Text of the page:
Right now, I’m trying to work on a novel, so my goal is to write 500 new words per day. When I’m working on a reported story, I use the Pomodoro method and try to get two or three 25 minute blocks of work done. Of course, I have a lot of other things I’m working on during the day, but those are the tools I use to make sure I’m getting at least some creative work done every day.
You’ve lived in China for six years and have filed stories from North Korea, Cuba, Haiti, India, Mongolia, and elsewhere. How do you decide on the location and subjects for your stories?
When I moved to China it was really booming. This was back in 2007 and you would read about all the changes that were happening there all the time, and I wanted to check it out. I got a job with China Daily, a state owned newspaper, and thought I would stay through the Olympics but ended up staying for six years.
It was a really exciting place to be then. I also had the opportunity to travel to all kinds of interesting places in Asia. I would normally get an idea of where I wanted to go—Mongolia, for example—and then find a couple stories I could report before I went.
I don’t travel for work nearly as much anymore. But that’s how I approached it even when I moved to New York. I really wanted to go to Cuba, for example, so I found stories to report there, then I went.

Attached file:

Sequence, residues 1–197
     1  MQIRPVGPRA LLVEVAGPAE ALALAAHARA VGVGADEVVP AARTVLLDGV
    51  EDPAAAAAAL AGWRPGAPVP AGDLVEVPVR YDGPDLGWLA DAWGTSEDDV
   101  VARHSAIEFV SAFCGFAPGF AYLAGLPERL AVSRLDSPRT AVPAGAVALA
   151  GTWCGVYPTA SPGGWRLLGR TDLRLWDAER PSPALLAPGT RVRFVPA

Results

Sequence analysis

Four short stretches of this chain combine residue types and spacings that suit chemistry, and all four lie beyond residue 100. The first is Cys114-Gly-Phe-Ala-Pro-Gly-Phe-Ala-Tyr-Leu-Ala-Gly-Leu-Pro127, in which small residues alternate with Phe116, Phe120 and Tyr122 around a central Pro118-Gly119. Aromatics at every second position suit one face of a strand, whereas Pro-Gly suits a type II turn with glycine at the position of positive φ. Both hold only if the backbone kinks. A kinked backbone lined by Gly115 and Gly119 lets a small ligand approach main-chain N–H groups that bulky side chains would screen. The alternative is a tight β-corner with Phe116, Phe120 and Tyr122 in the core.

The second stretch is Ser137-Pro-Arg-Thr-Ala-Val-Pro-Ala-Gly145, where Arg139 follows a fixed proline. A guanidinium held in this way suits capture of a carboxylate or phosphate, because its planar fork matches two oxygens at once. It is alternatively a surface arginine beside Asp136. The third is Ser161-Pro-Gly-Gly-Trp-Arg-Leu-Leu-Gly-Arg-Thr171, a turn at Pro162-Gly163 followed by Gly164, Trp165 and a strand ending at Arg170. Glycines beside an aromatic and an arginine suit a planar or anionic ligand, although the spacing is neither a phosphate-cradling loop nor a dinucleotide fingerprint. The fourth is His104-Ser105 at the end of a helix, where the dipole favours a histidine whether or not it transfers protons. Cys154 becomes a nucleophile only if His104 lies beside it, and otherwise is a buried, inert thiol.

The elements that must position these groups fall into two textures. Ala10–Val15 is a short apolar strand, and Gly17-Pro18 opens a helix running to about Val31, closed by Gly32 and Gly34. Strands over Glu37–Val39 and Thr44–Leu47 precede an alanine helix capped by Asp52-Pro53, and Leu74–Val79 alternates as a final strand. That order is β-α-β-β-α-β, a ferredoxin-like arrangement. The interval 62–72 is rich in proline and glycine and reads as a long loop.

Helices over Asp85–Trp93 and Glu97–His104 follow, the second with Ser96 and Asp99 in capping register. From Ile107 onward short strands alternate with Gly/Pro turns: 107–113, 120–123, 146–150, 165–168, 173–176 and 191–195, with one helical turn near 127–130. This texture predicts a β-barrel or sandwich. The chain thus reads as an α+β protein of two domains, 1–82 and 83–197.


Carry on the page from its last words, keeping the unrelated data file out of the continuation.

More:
As a senior editor at Penta, a lifestyle magazine with Dow Jones Media Group, can you speak about the role of lifestyle magazines in today’s media landscape?
The magazine industry has experienced a lot of turbulence in recent years, with many titles closing or shrinking—even the biggest, most prominent magazines. Luxury lifestyle magazines, however, seem to be able to survive because they still have an audience coveted by advertisers.
That’s the case with Penta, which is distributed by Barron’s. We’re also a really small, nimble team, so costs are low. But it’s certainly a tough time throughout the industry. I’m grateful to work for a company that is doing well and has managed to navigate this changing landscape admirably.
You were previously executive editor at Maxim and features editor at Roads & Kingdoms, where you edited Anthony Bourdain’s Dispatched feature series and hosted the speaker series Journalism & Drinks. Can you tell us about your experience working with Anthony Bourdain and how it influenced your writing and editing?